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Because, what the hell, you know?

Those who can make you believe absurdities can make you commit atrocities. -Voltaire
by p------- on Sat Oct 7th, 2006 at 11:53:10 PM EST
BBC: Web sale for Bridget Jones' pants

A pair of outsized underpants from the film Bridget Jones's Diary are to be sold on the internet, weeks after they fetched £2,000 at a charity auction.

The pants, which have been signed by actor Hugh Grant with the message "Hello Mummy! Lots of love and kisses", were first auctioned on 14 September.

The sale took place in central London to benefit The Royal Parks Foundation.

Winning bidder Anna Mann said she decided to re-auction the pants on eBay to raise more money for the charity.



Those who can make you believe absurdities can make you commit atrocities. -Voltaire
by p------- on Sun Oct 8th, 2006 at 12:19:29 AM EST
[ Parent ]
Interesting that the BBC should use the word 'underpants', rather than the more generally used euphemism 'underwear', or the more specific 'knickers'.

Underpants were exclusively male wear when I live in the UK. Maybe the meaning has changed?

For specificity, I prefer the acronym invented by a friend of mine (so she says). BGKs are big girls' knickers. VBGKs would accurately describe the Bridget Jone's variety.

"She was only the laundrywoman's daughter, but she took me unaware"

You can't be me, I'm taken

by Sven Triloqvist on Sun Oct 8th, 2006 at 05:17:57 AM EST
[ Parent ]
"Underpants" is the word Bridget Jones uses.  If you have not read the book or seen the film "Bridget Jones Diary" (the original, not the sequel) you are missing out on a true literary masterpiece.  ... I'm only half kidding.  If was fucking brilliant!

Those who can make you believe absurdities can make you commit atrocities. -Voltaire
by p------- on Sun Oct 8th, 2006 at 11:07:13 AM EST
[ Parent ]
ABS-CBN:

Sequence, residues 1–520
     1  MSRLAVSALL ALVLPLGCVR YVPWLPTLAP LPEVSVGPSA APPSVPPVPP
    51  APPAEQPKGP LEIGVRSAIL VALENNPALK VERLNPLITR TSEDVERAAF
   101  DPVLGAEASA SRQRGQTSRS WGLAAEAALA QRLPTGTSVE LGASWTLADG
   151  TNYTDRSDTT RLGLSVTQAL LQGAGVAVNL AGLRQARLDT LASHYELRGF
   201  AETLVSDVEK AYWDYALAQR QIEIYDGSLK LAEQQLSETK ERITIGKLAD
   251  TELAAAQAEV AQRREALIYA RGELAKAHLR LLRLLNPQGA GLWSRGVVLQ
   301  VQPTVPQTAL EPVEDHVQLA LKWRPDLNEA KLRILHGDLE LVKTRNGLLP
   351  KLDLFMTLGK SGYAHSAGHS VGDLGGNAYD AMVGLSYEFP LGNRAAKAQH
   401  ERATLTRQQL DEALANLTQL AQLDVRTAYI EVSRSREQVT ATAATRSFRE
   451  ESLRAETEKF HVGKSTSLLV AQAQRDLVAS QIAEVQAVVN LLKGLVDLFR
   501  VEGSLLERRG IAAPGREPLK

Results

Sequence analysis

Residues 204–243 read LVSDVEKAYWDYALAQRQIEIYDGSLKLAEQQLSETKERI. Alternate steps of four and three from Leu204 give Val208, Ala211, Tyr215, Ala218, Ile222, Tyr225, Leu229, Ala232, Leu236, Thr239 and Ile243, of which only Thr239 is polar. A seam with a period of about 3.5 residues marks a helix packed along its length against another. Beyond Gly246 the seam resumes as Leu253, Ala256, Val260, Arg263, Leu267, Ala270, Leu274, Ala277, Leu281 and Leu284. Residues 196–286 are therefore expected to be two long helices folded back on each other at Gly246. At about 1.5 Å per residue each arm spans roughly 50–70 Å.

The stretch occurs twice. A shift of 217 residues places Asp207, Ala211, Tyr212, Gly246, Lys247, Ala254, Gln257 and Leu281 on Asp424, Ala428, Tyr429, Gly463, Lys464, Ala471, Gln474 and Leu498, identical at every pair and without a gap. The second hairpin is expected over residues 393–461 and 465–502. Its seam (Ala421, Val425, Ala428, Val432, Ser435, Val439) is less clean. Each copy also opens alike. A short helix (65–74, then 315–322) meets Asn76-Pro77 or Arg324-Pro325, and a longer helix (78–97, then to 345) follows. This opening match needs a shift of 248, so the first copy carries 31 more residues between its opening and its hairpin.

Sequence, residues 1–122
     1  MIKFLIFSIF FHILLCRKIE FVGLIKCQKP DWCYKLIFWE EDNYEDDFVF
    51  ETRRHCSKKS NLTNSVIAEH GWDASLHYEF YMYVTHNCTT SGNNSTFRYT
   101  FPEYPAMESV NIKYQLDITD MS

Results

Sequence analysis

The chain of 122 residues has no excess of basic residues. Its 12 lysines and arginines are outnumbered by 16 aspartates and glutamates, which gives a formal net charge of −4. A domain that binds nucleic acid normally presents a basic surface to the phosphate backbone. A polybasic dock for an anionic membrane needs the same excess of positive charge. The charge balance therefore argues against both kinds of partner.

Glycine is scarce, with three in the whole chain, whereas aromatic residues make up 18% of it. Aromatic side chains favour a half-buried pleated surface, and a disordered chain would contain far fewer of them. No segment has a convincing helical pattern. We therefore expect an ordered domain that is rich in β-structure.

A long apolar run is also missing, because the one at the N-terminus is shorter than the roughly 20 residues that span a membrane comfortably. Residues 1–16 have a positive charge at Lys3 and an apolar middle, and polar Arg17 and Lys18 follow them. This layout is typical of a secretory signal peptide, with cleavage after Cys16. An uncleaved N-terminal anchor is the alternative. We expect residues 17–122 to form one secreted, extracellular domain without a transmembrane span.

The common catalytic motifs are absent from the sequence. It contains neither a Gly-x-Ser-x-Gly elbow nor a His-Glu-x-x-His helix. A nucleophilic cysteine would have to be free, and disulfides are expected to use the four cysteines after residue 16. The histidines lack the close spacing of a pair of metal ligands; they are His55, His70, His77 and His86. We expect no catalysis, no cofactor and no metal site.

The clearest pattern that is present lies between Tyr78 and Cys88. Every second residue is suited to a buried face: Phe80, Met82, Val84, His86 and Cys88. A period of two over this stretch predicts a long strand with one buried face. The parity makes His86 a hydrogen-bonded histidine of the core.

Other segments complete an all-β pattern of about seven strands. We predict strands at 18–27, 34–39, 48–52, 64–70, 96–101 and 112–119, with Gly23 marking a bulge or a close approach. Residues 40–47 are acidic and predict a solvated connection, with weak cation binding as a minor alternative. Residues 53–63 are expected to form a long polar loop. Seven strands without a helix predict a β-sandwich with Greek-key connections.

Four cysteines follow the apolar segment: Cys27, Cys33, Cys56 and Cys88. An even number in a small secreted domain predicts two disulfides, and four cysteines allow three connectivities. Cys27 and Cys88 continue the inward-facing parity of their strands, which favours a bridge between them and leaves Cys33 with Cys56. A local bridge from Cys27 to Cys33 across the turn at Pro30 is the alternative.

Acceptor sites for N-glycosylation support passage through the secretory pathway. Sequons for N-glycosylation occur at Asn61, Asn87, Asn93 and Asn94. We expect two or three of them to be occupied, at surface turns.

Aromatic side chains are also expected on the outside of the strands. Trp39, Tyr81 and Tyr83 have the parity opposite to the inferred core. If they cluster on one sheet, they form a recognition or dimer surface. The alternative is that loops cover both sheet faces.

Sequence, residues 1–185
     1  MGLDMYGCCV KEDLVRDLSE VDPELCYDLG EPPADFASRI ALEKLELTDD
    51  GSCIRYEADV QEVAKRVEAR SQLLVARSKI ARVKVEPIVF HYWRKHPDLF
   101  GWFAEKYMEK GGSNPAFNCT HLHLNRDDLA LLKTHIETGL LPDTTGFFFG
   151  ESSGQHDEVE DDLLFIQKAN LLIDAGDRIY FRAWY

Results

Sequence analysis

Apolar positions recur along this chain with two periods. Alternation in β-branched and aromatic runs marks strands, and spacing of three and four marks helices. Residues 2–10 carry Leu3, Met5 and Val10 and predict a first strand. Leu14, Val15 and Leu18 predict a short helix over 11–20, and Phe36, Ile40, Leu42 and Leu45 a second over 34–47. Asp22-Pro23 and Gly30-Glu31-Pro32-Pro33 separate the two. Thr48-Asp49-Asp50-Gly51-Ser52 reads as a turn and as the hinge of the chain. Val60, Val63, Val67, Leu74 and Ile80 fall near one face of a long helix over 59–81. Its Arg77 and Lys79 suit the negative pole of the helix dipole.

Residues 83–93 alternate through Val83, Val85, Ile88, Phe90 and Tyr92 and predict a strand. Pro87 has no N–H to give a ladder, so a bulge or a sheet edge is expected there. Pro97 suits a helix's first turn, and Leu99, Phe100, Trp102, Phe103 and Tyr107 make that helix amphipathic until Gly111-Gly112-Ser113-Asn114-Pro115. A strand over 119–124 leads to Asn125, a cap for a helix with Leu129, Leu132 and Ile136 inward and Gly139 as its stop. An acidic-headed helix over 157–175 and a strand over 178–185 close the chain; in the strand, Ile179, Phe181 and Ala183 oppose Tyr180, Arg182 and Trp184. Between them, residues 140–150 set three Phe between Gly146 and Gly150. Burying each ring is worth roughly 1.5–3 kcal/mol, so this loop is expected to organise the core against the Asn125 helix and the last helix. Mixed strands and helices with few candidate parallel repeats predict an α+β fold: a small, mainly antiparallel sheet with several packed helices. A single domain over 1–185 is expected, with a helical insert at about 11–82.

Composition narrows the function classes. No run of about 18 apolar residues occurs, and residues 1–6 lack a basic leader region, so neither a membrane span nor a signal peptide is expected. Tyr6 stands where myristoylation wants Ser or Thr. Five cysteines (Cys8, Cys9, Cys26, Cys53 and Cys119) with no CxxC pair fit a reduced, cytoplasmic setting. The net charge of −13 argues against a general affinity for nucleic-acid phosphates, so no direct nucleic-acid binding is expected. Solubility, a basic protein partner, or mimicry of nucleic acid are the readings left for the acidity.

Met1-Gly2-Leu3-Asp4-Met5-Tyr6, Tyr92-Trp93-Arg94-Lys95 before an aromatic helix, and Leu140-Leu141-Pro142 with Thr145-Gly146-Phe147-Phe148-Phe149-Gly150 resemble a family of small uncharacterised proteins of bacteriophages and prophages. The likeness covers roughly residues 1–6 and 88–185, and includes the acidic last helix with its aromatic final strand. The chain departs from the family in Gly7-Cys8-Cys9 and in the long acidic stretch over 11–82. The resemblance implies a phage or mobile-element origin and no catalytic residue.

US recalls ground beef over E.coli worries

- A US meat processing firm is recalling some 2,360 kilograms of ground beef possibly tainted by E. coli bacteria, health officials said, just weeks after several people died from contaminated fresh spinach.

The US Food Safety and Inspection Service announced Friday that the Harlan, Iowa firm Jim's Market and Locker was voluntarily calling back the ground beef shipped to seven midwest states.

"The problem was discovered through microbiological testing. FSIS has received no reports of illnesses associated with consumption of this product," the agency said in a statement.

Reminder: the particularly virulent strain of E. Coli that recently turned spinach into a killer comes from the over-acid intestines of cattle fed grain-based concentrates and insufficient hay and grass in industrial intensive farming.

by afew (afew(a in a circle)eurotrib_dot_com) on Sun Oct 8th, 2006 at 03:41:19 AM EST
[ Parent ]
Reminder: the particularly virulent strain of E. Coli that recently turned spinach into a killer comes from the over-acid intestines of cattle fed grain-based concentrates and insufficient hay and grass in industrial intensive farming.

Not a reminder to me, but genuinely news. Can you expand on this? Do you have links?  

Those whom the Gods wish to destroy They first make mad. -- Euripides

by Migeru (migeru at eurotrib dot com) on Sun Oct 8th, 2006 at 04:52:38 AM EST
[ Parent ]
It was discussed on last Sunday's Breakfast.

I have since spoken to a cattle technician who confirmed that intensive rearing on concentrates increases intestinal acidity. He was not aware, however, of the risk of a lethal strain of E. coli coming into being by mutation in this environment, nor of the risk of water contamination. There don't appear to have been cases here. (However, this is far from being a solely American problem).

by afew (afew(a in a circle)eurotrib_dot_com) on Sun Oct 8th, 2006 at 10:24:40 AM EST
[ Parent ]
Hell of a thing to discuss at breakfast.